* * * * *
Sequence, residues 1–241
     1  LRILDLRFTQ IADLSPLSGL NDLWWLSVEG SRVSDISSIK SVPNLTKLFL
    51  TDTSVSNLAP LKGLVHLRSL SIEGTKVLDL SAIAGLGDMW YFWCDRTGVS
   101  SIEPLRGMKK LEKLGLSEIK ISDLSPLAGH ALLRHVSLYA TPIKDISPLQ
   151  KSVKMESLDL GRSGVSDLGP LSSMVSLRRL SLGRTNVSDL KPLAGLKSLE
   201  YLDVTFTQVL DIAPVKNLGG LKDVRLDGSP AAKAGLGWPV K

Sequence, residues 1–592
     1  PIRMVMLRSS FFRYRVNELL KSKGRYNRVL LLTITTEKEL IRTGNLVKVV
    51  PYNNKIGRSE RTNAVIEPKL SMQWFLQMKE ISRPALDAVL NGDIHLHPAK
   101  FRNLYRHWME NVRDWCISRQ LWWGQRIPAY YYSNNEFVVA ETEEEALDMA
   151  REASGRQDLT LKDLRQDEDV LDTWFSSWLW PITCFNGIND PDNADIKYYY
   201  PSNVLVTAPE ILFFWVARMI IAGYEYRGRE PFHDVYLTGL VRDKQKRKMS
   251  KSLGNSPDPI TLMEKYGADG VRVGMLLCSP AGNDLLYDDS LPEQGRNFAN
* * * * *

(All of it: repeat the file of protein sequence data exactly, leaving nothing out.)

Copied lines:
Sequence, residues 1–241
     1  LRILDLRFTQ IADLSPLSGL NDLWWLSVEG SRVSDISSIK SVPNLTKLFL
    51  TDTSVSNLAP LKGLVHLRSL SIEGTKVLDL SAIAGLGDMW YFWCDRTGVS
   101  SIEPLRGMKK LEKLGLSEIK ISDLSPLAGH ALLRHVSLYA TPIKDISPLQ
   151  KSVKMESLDL GRSGVSDLGP LSSMVSLRRL SLGRTNVSDL KPLAGLKSLE
   201  YLDVTFTQVL DIAPVKNLGG LKDVRLDGSP AAKAGLGWPV K

Sequence, residues 1–592
     1  PIRMVMLRSS FFRYRVNELL KSKGRYNRVL LLTITTEKEL IRTGNLVKVV
    51  PYNNKIGRSE RTNAVIEPKL SMQWFLQMKE ISRPALDAVL NGDIHLHPAK
   101  FRNLYRHWME NVRDWCISRQ LWWGQRIPAY YYSNNEFVVA ETEEEALDMA
   151  REASGRQDLT LKDLRQDEDV LDTWFSSWLW PITCFNGIND PDNADIKYYY
   201  PSNVLVTAPE ILFFWVARMI IAGYEYRGRE PFHDVYLTGL VRDKQKRKMS
   251  KSLGNSPDPI TLMEKYGADG VRVGMLLCSP AGNDLLYDDS LPEQGRNFAN